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Bottled Ship Builder

Colvic Watson 28


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A friend asked me to make a SIB of a boat that is owned by one of their friends. The boat is a Colvic Watson 28 ft as shown in Figs 1 and 2.


Figure 1: The drawings


Figure 2: the actual boat

I had a few other photos to work from as well. I drew up some plans, shown in figure 3.


Figure 3: Working plans

The hull block was made and shaping started, shown in Figs 4 & 5


Figure 4: Hull block


Figure 5: Shaping Started


Figure 6: Basic outline.

The hull is split just off centre to port and has an upper, mid (from styrene) and a lower. The aim is to give sharp horizontal paint lines for the boot topping,


Figure 7: Cabin made, under-coated and the planking.

I made the planking from watercolour paper, printed on the PC with different weights of line thickness and shade. I used watercolour paint to try different shades of ‘wood’ colour, then picked the one that looked best at this scale.



Figure 9: Top-coated

The lower hull sections were painted separately, royal blue for the boot topping and red oxide for below the waterline.


Figure 8: Sea started.

The sea was made from plasticine, with a description of the SIB and makers name label under it.



Figure 10: Starting the woodwork and masts.

I used a red hardwood veneer for the woodwork, Small pieces were reinforced with thin CA glue before cutting and sanding to shape. Once attached to the SIB I used diluted clear acrylic varnish on them.

The masts were made from brass tube and rods. This SIB had the luxury of actually having a large hinge at the foot of the mainmast. The main and mizzen sails are of the modern variety that are slotted into rails on the mast and are furled on a rotating assembly on the boom. The foresail is furled around a rotating steel forestay. Cutting the slots in the tubing was ‘fun’. I used a small photo-etched saw from http://www.radubstore.com. Took a while but it worked,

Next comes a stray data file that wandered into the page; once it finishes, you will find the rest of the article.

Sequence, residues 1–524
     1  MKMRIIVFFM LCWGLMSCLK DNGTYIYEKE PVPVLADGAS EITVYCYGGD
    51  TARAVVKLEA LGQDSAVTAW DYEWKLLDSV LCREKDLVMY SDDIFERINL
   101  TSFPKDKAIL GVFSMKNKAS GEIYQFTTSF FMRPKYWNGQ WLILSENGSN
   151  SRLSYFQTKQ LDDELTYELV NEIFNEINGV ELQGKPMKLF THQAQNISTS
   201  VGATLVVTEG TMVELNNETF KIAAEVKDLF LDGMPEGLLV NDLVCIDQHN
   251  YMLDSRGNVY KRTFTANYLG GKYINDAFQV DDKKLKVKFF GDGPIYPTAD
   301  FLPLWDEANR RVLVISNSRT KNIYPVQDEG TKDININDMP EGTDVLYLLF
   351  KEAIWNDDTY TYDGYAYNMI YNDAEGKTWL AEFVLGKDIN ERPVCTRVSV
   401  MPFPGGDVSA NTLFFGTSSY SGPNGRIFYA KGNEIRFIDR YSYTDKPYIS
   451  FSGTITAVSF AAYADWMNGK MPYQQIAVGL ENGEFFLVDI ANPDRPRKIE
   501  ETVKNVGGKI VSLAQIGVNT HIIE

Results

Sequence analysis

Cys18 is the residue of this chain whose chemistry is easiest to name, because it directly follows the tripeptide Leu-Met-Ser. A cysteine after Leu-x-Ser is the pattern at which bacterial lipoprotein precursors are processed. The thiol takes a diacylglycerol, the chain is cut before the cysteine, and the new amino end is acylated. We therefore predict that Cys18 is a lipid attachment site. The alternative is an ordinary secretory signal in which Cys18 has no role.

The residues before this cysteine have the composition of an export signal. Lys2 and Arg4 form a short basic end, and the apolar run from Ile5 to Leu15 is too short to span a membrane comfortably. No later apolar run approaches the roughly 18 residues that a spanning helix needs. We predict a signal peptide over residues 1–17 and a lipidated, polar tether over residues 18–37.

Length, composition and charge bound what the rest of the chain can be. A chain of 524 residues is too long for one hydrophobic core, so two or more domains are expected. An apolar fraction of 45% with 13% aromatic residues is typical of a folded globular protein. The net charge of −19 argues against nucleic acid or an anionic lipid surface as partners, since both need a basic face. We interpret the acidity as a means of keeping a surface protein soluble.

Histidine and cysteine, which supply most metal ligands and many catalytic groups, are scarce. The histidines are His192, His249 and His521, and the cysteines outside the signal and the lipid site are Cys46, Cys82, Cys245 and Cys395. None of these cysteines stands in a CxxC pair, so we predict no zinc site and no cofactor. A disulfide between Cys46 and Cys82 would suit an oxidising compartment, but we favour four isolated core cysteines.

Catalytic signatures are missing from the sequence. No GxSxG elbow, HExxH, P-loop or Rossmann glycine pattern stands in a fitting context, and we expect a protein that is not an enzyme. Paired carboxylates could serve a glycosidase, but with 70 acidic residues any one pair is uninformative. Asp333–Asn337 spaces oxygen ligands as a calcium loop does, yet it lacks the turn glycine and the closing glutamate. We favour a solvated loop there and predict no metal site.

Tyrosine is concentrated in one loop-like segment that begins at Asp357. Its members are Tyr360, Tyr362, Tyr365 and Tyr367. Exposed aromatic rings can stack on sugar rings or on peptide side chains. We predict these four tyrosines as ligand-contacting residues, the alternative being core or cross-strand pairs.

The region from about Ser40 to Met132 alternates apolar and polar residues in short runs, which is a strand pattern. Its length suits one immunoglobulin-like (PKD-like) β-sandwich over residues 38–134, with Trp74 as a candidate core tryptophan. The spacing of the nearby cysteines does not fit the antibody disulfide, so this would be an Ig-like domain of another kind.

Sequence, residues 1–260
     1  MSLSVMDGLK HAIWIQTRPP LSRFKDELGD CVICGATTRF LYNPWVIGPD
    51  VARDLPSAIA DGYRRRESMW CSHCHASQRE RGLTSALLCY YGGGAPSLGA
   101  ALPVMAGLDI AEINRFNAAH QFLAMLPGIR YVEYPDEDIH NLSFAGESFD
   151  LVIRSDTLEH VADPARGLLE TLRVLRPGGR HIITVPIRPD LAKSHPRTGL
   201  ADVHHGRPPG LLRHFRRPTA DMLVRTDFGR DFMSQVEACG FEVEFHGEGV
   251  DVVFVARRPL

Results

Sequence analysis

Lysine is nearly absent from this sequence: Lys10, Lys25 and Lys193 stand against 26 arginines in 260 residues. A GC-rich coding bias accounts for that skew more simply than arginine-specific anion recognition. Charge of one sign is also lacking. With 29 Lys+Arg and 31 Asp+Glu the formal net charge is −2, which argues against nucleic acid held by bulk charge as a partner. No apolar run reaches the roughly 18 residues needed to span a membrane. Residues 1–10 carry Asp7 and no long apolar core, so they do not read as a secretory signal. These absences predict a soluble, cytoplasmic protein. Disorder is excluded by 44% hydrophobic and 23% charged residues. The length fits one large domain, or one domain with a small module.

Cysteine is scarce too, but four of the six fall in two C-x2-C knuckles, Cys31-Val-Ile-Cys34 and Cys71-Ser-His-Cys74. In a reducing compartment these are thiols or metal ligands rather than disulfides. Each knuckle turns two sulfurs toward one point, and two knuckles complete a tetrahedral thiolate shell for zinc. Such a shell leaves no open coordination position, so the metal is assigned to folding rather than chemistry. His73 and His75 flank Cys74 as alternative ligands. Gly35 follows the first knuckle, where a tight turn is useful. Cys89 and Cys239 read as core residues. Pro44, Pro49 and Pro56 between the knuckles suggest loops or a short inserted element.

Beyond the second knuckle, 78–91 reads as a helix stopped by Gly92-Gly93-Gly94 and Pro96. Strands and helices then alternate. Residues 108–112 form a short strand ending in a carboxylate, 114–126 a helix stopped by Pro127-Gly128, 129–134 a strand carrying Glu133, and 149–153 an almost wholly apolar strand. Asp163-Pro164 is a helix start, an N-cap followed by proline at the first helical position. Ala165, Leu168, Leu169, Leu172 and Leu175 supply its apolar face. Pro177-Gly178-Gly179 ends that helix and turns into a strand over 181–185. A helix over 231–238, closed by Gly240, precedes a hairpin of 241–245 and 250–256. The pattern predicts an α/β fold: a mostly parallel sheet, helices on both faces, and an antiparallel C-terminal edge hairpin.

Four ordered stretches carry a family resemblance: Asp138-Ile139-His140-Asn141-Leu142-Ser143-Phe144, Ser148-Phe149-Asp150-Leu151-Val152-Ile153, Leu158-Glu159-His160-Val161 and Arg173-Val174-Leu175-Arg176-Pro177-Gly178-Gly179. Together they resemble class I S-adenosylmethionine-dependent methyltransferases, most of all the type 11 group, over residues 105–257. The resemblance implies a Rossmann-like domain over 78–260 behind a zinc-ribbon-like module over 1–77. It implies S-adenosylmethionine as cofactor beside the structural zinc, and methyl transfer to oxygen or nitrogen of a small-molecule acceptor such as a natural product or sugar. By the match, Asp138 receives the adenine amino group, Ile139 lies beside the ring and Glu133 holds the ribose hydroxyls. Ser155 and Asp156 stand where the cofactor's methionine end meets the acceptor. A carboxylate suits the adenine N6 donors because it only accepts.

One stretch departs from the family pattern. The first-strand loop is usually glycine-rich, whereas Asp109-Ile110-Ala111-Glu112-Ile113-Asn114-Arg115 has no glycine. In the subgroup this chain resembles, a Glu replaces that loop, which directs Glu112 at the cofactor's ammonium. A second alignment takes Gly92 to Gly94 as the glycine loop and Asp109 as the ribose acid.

Figure 11: Main mast


Figure 12: Most of the woodwork fitted


Figure 13: Masts and sails

I used some type of translucent parchment that my wife gave me for the sails. Stitching was simulated using a black pencil, and they were coloured with watercolour, This allowed them to retain the translucent effect, They were a bit waxy, and I had a bit of trouble getting them to stay stuck in the slots on the masts. They held a good shape though.


Figure 14: Rigging Underway

I used a silver coloured thread for the rigging to simulate the stainless steel on the real boat. The railings were made from brass rod and painted chrome.


Figure 15: Almost done. Windows ‘fitted’

I used DIY water slide decals for the windows and name. This is the first time I’ve tried this and have been pleased with the result. A pack of 5 A4 sheets of decal material cost about £5 and I’ve used half of on sheet. First I printed a couple of different sizes and colours on paper for trialing next to the SIB for size and effect. Then printed out 3 sets of the chosen ones on my ink jet, to allow for slip ups. When dry, a couple of light coats of clear acrylic varnish was sprayed over them. Once dry, the decals are cut out, placed in a saucer of warm water and when they float off of the backing are applied using a wet paintbrush and very gentle use of tweezers, left to dry then varnished over to seal and protect them. They went on very nicely first attempt.


Figure 16: Ready for bottling


Figure 17: In the bottle.

By special request, the lighthouse is an attempt at Walney Island Lighthouse at the north end of Morecambe Bay where the owner sails to sometimes.

Regards to all





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Thanks for your comments. Much appreciated.  There was a pub lunch involved in the handover and a nice donation for the Royal National Lifeboat Institution. In the UK, the coastal lifeboats are manned by RNLI volunteers, and the RNLI  itself is supported by public donations, etc. So, all for an excellent cause.



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